Okay…so I have now hit the 12 hour mark (I am tracking this as I go along) and I have made some (a little) progress since my previous post on my dissertation project.
I have now modelled the plan of the abbey and it’s surrounding architectural complex. I may add the precinct walls after I have finished the main structure, but here is a screenshot of where I am up to regarding the abbey plan:
My plan of the abbey is modelled to scale based on a reference image that is formed from archaeological record, as most of the abbey is not standing for us to see today.
My next steps are getting the elevation proportions correct. This will be very difficult as the only images I am relying on are artist’s impressions such as this one below by Edwin Ridsdale Tate (1929) Image source: Mee, F and Wilson, B (2009) ”St Mary’s Abbey and the King’s Manor, York: The Pictorial Evidence”).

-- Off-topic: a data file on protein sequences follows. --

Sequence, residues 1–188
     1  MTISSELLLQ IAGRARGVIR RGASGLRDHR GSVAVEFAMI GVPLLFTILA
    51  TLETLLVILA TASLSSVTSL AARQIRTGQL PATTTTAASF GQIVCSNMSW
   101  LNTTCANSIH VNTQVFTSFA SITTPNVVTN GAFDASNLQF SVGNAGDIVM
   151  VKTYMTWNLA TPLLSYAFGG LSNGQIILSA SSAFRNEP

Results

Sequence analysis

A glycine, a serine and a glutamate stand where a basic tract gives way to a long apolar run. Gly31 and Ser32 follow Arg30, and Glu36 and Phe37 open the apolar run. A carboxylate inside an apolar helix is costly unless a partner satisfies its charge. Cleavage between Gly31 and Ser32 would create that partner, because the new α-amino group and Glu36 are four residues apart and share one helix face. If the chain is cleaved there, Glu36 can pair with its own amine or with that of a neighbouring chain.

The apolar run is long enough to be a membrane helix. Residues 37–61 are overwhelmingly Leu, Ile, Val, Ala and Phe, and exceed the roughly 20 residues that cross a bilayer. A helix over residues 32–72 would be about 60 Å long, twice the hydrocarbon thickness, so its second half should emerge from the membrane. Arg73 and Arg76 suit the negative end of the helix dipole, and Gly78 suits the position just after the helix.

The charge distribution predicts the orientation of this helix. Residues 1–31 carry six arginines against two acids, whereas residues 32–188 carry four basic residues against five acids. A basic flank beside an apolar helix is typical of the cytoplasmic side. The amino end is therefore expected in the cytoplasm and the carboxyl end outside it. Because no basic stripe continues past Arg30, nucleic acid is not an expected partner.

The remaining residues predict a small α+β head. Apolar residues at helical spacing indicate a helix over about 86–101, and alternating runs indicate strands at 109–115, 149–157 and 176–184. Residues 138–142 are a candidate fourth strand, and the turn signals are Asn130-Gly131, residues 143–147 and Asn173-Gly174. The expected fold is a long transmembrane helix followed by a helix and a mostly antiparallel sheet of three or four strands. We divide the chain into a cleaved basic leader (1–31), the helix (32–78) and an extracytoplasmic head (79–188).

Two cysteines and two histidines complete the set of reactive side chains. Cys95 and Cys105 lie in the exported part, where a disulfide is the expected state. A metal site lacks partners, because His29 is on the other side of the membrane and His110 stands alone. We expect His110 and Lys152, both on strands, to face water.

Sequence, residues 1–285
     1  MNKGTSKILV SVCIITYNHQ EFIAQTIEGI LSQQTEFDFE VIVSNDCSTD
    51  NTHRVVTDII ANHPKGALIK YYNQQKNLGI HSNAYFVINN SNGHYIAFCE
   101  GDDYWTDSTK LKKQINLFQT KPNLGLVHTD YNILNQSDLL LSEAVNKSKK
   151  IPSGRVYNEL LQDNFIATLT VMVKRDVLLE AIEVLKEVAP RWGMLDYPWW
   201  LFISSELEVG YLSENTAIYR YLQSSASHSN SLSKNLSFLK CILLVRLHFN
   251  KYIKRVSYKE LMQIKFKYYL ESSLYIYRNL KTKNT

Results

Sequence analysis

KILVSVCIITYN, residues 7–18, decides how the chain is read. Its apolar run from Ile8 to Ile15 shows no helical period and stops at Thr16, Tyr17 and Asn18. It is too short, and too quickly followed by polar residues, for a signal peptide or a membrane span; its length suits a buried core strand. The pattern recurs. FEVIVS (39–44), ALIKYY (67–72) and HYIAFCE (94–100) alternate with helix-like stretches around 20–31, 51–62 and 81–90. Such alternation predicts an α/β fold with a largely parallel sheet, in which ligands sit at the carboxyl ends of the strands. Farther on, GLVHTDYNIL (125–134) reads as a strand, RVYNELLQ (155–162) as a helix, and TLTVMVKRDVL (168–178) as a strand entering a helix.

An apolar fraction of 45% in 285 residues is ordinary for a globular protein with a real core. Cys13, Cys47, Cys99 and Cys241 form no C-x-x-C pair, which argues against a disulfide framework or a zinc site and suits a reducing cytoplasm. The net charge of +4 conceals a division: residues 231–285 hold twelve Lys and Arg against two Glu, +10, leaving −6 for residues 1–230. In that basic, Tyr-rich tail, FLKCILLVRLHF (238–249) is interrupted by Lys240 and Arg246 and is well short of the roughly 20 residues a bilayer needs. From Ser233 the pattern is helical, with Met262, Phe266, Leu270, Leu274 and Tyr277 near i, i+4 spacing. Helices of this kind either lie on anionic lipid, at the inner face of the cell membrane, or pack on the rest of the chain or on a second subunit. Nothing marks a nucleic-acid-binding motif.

For the other buildings in the complex, such as the chapter house and cloisters I will have to use my architectural knowledge of proportion alongside a close examination of Ridsdale’s elevation to work out how high I should elevate the walls, or what architectonic decoration they should have (particularly with St Mary’s being a Benedictine abbey, it will be very ornate).
I have started using Ridsdale’s elevation impression for modelling the tower, spire and roof, and I will also lower the heights of the abbey’s surrounding buildings. The screenshot below is is where I am at the moment of this project.
Overall, I am aiming for accuracy in my visualisation, both archaeological and architectural. This project is certainly bringing to light issues in visualising the uncertain. How will I represent the uncertain in my model? Also, to what extent can I rely on Ridsdale’s artist impression? What research did he base his drawing on? Whilst I model the abbey I have to think about these types of issues.